Biloxi Electric Co. v. ThornAnnotate this Case
264 So. 2d 404 (1972)
BILOXI ELECTRIC CO., Inc., et al. v. O.L. THORN.
Supreme Court of Mississippi.
June 19, 1972.
Megehee & Brown, Pascagoula, for appellants.
Hurlbert & O'Barr, Biloxi, for appellee.
The Circuit Court of Jackson County became the first on our record to apply an additur as authorized by Section 1686.5, Mississippi Code 1942 Annotated (Supp. 1971), reading as follows:The Supreme Court or any other court of record in a case in which money damages were awarded may overrule a motion for new trial or affirm on direct or cross appeal, upon condition of an additur or remittitur, if the court finds that the damages are excessive or inadequate for the reason that the jury or trier of *405 the facts was influenced by bias, prejudice, or passion, or that the damages awarded were contrary to the overwhelming weight of credible evidence. If such additur or remittitur be not accepted then the court may direct a new trial on damages only. (Emphasis added).
It is provided that the section applies in two situations, viz: (1) If the court finds that the jury (or trier of fact) was influenced by bias, prejudice, or passion; or (2) If damages awarded were contrary to the overwhelming weight of credible evidence.
This case involved a personal injury. The jury's verdict was $6,500. The court on motion, acting under the statute aforesaid, provided that a new trial would be granted on amount of damages alone, unless an additur of $6,000 (making the judgment $12,500) was accepted.
The lower court, in its order, found:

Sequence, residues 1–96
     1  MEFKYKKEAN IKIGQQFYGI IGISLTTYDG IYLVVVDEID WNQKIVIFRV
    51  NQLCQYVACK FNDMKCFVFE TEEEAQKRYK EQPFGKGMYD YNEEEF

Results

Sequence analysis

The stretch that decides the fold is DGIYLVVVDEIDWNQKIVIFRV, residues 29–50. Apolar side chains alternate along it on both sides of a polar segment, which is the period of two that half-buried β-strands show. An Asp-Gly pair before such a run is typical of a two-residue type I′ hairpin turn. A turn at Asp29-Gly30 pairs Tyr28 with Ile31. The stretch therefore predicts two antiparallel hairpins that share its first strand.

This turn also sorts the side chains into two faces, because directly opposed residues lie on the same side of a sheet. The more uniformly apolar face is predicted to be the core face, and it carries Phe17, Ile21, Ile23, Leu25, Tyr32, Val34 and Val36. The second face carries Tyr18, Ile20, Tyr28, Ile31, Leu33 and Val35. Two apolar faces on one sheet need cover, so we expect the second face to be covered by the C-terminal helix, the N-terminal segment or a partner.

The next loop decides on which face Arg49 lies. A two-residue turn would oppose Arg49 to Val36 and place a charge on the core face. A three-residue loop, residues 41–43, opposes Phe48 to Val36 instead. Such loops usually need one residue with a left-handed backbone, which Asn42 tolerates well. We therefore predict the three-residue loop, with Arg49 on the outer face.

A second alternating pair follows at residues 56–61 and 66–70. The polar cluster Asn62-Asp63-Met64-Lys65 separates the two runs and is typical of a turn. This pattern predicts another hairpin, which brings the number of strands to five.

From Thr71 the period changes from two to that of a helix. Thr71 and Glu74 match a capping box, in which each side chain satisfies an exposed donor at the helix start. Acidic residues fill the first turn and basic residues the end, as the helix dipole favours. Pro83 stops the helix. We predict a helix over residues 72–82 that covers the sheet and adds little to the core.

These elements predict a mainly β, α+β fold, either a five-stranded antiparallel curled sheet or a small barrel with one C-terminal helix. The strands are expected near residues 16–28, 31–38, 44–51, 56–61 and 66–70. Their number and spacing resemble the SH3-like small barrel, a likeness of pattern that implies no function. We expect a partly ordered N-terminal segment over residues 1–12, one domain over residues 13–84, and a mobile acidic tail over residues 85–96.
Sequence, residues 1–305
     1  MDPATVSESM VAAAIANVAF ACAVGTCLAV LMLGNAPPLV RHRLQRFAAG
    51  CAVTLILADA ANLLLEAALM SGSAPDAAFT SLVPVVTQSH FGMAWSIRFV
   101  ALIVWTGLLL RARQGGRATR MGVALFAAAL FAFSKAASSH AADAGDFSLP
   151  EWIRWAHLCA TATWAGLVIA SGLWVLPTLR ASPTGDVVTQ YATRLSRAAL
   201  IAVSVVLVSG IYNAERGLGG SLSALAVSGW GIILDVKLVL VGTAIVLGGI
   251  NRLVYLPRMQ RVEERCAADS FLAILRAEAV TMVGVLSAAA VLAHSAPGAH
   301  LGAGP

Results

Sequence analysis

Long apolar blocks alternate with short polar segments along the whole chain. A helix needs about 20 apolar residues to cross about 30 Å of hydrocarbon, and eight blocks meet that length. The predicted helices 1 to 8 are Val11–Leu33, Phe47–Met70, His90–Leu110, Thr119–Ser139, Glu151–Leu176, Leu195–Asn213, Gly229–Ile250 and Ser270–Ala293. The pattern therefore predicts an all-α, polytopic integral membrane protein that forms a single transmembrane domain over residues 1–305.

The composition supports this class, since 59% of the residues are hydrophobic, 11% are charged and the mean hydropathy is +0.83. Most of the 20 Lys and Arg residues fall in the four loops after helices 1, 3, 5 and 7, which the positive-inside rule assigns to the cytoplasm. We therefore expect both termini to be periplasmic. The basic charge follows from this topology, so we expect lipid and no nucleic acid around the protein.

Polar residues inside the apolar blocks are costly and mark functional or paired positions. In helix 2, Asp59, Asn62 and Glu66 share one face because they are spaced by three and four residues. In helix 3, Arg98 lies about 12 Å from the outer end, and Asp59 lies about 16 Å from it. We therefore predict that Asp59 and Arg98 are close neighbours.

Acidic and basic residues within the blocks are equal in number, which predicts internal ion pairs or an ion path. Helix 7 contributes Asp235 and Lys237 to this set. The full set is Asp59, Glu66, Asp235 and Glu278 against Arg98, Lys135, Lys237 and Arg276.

(1) That the verdict was inadequate;
(2) That it was influenced by bias, prejudice or passion on the part of the jury; and
(3) That the verdict was contrary to the overwhelming weight of the credible evidence.
The power of additur is new to the courts of our State, but the theory and the practice of remittitur have been a part of our jurisprudence for many years. The legal principles involved with additur are the same as those involved with remittitur. In 22 Am.Jur.2d Damages section 398, p. 533 (1965), it is stated:Although formerly inadequacy of damages was not a ground for new trial or reversal, it is now generally recognized, in the absence of a statute to the contrary, that a verdict may be set aside on this ground either on appeal or by the trial court on motion for a new trial, under circumstances similar to those which justify the setting aside of an excessive verdict. The matter of setting the verdict aside in such cases usually rests primarily in the discretion of the trial court, and its action in granting or refusing to grant a new trial on the ground of inadequacy will not be disturbed on appeal unless an abuse of discretion is shown.
In 22 Am.Jur.2d Damages section 399, pp. 534-535 (1965), it is stated:Whether a verdict is for an inadequate sum can be determined only by the circumstances of the particular case. In general, the same matters are considered in the determination of whether an award of damages in a personal injury case is inadequate as in the determination of whether it is excessive, such as the severity of the injury, and whether or not, and the extent to which, the injury has impaired the plaintiff's earning ability.